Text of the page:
This time of the year always seems to be what motivates us to get our butts in the gym – between new year’s, spring break, summer… it leaves everyone in a rush to play catch up with their bodies in preparation for the upcoming weather + days inevitably spent poolside. I’m not much different – I always fall behind once summer passes and the holidays come. I’m currently back at my highest weight – the struggle of going from an incredibly physically active college student to a painfully sedentary young professional. I, too, am working on making the gym more of a habit than a “have-to” – for the sake of feeling comfortable in my skin again + for my health.
Even the most happy-go-lucky people run into bad days – not that I’m saying that’s particularly me, because Lord knows I definitely hit my wit’s end. My point being, we all experience some not so desirable days/situations, and we all search for ways to alleviate the frustration. Everyone has different ways they like to destress, but here’s generally how I cope with my less than perfect days.
I’m a firm believer in the power that community holds. It might seem like sure a simple concept, but it’s true that the stresses and hurt we feel when we’re plugged into a solid, like-minded group of people is significantly less than when we feel isolated and alone.
If you’ve been keeping up with me at all then you’re no stranger to the fact that I was caught between a rock and a hard place this summer when my anxiety began to feel like too much to bear and made it hard to get out of bed. I experienced a lot of stressors within the course of 2 weeks – I lost a lot I didn’t anticipate losing. It came with a lot of damaged self-esteem, rejection, abandonment, and a lot of questioning if I’d ever be good enough. I know – it sounds pretty pathetic; but that’s the point the events I had gone through in such a short amount of time this past summer led me to. It didn’t really matter how many times I told myself “it has nothing to do with you,” or “this doesn’t define you,” I still managed to find a way to make myself feel as if surely there was something I could have done to make things different. That’s how the Enemy works; he has such a way of being able to twist our thoughts that even when we know things are out of our control, he can still find a way to be in the back of our mind saying “you weren’t good enough – and maybe you never will be.”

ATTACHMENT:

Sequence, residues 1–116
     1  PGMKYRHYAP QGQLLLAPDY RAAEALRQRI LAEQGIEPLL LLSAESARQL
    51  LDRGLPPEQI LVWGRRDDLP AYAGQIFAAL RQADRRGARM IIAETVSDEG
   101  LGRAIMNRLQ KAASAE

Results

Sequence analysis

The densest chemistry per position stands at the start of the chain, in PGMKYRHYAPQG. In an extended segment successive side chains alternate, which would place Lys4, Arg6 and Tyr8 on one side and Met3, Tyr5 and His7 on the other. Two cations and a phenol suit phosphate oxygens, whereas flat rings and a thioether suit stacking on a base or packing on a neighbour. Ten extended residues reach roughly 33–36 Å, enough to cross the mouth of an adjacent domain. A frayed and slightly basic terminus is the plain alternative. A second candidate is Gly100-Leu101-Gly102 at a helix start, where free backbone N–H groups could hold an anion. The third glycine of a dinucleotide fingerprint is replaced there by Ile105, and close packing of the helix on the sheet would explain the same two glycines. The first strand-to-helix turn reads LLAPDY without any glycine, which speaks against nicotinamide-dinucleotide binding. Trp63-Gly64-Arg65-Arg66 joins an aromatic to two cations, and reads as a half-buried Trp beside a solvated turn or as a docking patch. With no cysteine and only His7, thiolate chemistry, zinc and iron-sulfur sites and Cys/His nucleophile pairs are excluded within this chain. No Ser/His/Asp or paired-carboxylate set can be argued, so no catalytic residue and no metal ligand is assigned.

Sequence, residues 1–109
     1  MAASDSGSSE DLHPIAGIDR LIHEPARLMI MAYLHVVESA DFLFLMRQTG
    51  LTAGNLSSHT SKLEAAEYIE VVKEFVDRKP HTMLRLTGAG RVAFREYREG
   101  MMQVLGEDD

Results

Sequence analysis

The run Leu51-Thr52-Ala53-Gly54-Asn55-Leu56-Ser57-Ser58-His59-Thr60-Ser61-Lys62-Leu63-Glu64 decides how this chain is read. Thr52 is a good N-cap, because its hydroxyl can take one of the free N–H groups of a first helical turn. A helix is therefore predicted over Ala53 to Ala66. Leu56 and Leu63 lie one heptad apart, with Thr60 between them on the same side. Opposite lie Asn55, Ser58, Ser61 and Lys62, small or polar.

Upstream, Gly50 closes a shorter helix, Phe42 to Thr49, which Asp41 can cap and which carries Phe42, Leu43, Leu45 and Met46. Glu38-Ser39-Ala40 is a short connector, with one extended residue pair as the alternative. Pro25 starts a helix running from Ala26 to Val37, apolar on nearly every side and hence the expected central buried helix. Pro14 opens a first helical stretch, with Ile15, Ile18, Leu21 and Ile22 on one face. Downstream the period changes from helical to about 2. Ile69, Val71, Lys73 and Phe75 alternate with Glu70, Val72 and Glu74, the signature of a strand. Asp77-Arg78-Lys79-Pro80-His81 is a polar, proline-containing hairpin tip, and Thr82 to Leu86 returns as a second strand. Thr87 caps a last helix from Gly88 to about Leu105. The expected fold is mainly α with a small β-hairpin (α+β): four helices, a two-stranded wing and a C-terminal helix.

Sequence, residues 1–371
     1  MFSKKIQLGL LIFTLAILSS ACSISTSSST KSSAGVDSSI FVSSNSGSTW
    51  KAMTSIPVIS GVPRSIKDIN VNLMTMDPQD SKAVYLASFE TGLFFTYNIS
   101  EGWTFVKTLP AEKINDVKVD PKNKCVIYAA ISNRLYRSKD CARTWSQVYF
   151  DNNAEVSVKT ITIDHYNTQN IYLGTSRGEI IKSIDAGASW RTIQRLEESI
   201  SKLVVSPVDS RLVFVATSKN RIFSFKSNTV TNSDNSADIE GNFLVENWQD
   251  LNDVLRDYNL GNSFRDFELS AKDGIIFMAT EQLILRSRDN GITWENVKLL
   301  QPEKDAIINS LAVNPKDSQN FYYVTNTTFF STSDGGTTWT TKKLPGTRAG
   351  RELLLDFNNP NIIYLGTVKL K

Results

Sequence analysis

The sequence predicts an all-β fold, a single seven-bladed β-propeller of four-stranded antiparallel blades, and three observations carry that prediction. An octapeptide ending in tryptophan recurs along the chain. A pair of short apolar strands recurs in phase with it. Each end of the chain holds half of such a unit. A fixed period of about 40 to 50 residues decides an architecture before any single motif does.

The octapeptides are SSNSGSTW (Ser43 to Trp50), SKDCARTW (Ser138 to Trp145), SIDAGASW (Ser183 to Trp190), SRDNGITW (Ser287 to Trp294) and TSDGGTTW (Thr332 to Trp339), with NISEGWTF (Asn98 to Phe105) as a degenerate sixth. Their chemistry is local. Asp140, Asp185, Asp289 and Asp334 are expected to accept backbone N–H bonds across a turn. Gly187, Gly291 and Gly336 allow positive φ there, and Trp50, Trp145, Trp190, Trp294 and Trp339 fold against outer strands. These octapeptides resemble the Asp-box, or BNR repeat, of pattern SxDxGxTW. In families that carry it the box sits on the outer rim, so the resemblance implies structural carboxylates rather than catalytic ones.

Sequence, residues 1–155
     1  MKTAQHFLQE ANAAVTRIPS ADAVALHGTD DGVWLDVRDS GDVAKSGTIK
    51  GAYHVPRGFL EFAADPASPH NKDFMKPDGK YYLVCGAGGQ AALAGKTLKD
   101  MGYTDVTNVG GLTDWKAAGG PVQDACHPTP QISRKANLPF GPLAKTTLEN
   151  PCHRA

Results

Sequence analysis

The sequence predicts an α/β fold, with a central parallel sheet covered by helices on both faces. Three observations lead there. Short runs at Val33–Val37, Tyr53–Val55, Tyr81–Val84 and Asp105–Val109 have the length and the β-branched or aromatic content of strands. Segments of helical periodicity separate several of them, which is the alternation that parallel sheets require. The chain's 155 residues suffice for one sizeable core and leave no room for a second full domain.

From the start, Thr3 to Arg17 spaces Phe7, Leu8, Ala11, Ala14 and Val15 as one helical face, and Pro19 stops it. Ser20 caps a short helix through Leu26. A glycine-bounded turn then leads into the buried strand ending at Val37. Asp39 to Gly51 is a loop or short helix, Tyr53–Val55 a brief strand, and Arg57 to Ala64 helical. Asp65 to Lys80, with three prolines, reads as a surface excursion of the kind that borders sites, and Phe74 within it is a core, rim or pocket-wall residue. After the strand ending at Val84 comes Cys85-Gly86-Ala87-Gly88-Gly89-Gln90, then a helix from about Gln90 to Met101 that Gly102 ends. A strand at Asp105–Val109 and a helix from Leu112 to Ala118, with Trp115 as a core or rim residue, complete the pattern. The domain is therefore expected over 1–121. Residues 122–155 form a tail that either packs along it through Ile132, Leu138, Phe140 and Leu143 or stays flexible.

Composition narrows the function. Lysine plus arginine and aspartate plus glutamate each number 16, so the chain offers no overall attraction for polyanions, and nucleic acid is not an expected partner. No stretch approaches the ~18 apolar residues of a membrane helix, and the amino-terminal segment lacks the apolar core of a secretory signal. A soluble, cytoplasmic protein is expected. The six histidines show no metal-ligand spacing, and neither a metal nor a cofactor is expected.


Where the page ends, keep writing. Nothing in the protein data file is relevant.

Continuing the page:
It’s about that time that those of you who are still students have to start coming to terms with the upcoming semester and determining a plan of action to make sure you keep your head above the water and make it through successfully (I know this is the same song I’d sing to myself prior to each semester, anyway).
There are four different learning styles to keep in mind when it comes to determining your plan of action for the semester. I am a combination of a visual + verbal learner, meaning I have to be able to see images/processes + hear/use words, whether it be through speech or writing. However, there are also aural (auditory) or physical learners. Figure out what your learning style is here!
Eating seasonally is certainly not a new concept, however it should become more common. Shopping for your produce while it’s in season is not only more beneficial for your health, but your wallet as well. In terms of your health, foods that are in season are better tasting + more nutrient dense; and the reason you save money is because the cost of growing/distributing the produce is cheaper, and are generally grown more locally. Produce that is out of season is more likely to be coming from other countries, which means they are harvested before they are fully ripened so they don’t spoil by the time they reach the store or your kitchen (Henry, 2014).
It’s that time of year again when we reflect on the year and focus on the things we want to change with the upcoming excuse to start over with a fresh slate. And while we all write up our New Year’s resolutions with good intentions, some of the most recurring themes when it comes to the obstacles we face are feelings of obligation, remaining consistent, and setting unrealistic expectations for ourselves.
Improving gut health doesn’t have to be a difficult feat if you keep gut healthy foods in your kitchen. We all know that gut health is important, but many of us don’t realize just how much of an impact the foods we eat play a role in how we feel, think and behave. Before you plan your next shopping list, read more about the foods that can improve your life in more ways than one.